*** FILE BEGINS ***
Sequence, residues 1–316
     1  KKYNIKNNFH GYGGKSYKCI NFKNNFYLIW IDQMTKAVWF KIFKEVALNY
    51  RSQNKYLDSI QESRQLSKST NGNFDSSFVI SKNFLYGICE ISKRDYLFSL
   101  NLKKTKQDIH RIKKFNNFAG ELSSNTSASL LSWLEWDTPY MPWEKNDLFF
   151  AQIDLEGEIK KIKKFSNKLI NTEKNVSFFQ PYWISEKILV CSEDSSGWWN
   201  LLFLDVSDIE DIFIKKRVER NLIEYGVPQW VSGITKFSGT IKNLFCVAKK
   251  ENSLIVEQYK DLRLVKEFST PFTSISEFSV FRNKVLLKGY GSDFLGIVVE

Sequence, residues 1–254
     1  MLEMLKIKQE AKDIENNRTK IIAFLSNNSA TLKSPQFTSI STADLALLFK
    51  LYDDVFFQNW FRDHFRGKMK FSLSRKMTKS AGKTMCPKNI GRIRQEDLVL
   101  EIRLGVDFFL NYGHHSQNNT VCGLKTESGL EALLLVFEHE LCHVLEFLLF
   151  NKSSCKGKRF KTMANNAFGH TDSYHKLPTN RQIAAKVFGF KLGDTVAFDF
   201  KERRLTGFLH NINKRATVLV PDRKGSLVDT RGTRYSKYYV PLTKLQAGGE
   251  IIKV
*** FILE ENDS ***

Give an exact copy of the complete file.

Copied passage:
Sequence, residues 1–316
     1  KKYNIKNNFH GYGGKSYKCI NFKNNFYLIW IDQMTKAVWF KIFKEVALNY
    51  RSQNKYLDSI QESRQLSKST NGNFDSSFVI SKNFLYGICE ISKRDYLFSL
   101  NLKKTKQDIH RIKKFNNFAG ELSSNTSASL LSWLEWDTPY MPWEKNDLFF
   151  AQIDLEGEIK KIKKFSNKLI NTEKNVSFFQ PYWISEKILV CSEDSSGWWN
   201  LLFLDVSDIE DIFIKKRVER NLIEYGVPQW VSGITKFSGT IKNLFCVAKK
   251  ENSLIVEQYK DLRLVKEFST PFTSISEFSV FRNKVLLKGY GSDFLGIVVE

Sequence, residues 1–254
     1  MLEMLKIKQE AKDIENNRTK IIAFLSNNSA TLKSPQFTSI STADLALLFK
    51  LYDDVFFQNW FRDHFRGKMK FSLSRKMTKS AGKTMCPKNI GRIRQEDLVL
   101  EIRLGVDFFL NYGHHSQNNT VCGLKTESGL EALLLVFEHE LCHVLEFLLF
   151  NKSSCKGKRF KTMANNAFGH TDSYHKLPTN RQIAAKVFGF KLGDTVAFDF
   201  KERRLTGFLH NINKRATVLV PDRKGSLVDT RGTRYSKYYV PLTKLQAGGE
   251  IIKV